Based on what I can guess from the SE output, they are implemented as forcing T&E at depth 2, with some control on the number of "nodes", i.e. the number of of "inferences". So, no, in and of themselves, they are not "logic"; they are a variant of T&E(2).
However, all the known valid puzzles can be solved by T&E(2) (T&E at depth 2), which I've shown implies they can be solved by B-Braids, also a perfectly defined chain pattern (admittedly a very complex pattern that no one would want to read). From an abstract POV, it implies that any known valid puzzle can be solved by "logic".
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Re: Does Using Brute-Force to solve a puzzle make it invalid

Postby dobrichev » Sun Jul 18, 2021 8:40 am

dxSudoku wrote:Brute Force is not really a technique
I disagree.

dxSudoku wrote:Place a digit in a cell and look, whether you get a solution or not. If that technique is enabled, every sudoku can be solved.
I agree.

marek stefanik wrote:Every puzzle that has exactly one solution is valid.
I agree, but the puzzles that have many solutions are valid too.

denis_berthier wrote:By definition, a sudoku puzzle is valid if it has one and only one solution. This definition is universally agreed upon.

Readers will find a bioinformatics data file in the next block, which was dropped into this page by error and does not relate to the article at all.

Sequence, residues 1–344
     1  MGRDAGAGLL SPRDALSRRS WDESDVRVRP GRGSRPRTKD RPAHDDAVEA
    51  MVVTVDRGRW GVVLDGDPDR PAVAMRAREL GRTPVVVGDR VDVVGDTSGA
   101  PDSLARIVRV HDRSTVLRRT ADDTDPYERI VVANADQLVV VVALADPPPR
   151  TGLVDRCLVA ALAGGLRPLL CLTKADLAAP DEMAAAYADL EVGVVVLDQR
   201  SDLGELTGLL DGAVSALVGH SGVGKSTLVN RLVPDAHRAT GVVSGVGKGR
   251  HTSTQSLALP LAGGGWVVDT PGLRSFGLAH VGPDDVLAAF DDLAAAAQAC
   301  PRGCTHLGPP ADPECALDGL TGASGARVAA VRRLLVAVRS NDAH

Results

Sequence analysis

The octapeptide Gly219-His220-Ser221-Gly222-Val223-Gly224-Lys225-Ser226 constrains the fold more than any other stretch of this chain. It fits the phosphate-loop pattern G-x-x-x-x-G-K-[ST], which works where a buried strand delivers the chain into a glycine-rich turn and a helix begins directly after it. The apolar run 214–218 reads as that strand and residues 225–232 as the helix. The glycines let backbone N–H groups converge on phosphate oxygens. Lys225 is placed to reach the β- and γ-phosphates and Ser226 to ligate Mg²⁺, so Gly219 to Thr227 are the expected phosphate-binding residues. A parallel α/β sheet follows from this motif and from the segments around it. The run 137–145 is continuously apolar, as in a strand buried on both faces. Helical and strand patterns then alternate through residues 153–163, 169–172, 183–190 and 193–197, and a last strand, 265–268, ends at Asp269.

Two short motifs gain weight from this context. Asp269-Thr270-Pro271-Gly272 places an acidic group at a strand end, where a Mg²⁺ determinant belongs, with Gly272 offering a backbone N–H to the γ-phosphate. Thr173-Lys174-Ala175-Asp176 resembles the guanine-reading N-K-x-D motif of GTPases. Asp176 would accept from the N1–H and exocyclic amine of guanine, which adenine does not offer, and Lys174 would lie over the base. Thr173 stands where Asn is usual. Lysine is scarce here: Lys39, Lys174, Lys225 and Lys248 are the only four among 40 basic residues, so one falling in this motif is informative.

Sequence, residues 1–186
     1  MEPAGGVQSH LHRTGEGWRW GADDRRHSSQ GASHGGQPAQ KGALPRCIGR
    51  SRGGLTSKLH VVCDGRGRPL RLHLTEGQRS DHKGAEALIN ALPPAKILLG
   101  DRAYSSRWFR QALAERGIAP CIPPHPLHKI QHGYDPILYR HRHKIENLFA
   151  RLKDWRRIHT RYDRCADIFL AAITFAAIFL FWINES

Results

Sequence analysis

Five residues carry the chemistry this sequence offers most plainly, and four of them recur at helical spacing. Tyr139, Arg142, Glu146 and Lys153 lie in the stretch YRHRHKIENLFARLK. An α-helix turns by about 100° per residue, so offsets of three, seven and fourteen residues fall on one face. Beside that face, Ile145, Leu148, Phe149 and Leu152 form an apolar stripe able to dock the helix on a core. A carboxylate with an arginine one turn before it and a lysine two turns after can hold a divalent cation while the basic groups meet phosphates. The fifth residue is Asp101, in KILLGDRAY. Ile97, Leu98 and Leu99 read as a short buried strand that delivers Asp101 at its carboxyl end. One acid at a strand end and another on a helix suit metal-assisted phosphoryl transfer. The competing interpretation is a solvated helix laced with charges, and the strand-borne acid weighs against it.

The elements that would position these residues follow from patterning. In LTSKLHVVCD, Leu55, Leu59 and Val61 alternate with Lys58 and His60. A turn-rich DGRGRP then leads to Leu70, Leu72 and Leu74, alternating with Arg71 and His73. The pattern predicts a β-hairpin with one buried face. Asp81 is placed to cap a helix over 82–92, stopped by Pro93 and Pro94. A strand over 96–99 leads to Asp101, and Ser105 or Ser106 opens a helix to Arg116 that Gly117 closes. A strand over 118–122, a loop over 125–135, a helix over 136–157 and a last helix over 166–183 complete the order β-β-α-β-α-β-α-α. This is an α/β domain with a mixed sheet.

I disagree. My definition is "fill in the numbers 1-9 exactly once in every row, column, and 3x3 region" and it works pretty well, even for the empty puzzle.

denis_berthier wrote:T&E and guessing are different things
I disagree.

denis_berthier wrote:It seems you are confusing "valid" with "interesting", where "interesting" would mean something as "solvable by my preferred set of resolution rules". It's clear there can never be any agreement on such a definition.
I agree.
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Re: Does Using Brute-Force to solve a puzzle make it invalid

Postby denis_berthier » Sun Jul 18, 2021 10:50 am

dobrichev wrote:
denis_berthier wrote:By definition, a sudoku puzzle is valid if it has one and only one solution. This definition is universally agreed upon.
I disagree. My definition is "fill in the numbers 1-9 exactly once in every row, column, and 3x3 region" and it works pretty well, even for the empty puzzle.

This is the definition of a Sudoku problem. Not the definition of "valid".

dobrichev wrote:
denis_berthier wrote:T&E and guessing are different things
I disagree.

So, what are your definitions of both?
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Re: Does Using Brute-Force to solve a puzzle make it invalid

Postby dobrichev » Sun Jul 18, 2021 12:05 pm

The problem is that no clear definitions exist.

From common sense a Trial is every branch in the logic. This applies to basic techniques and pattern matching as well.

Also I have no definition for the threshold where the force becomes Brute.

I like the term Educated Guess where the number of trials is drastically reduced on the basis of previously investigated proven cases or heuristics. But this is applicable differently in different contexts, and sometimes requires clarifications.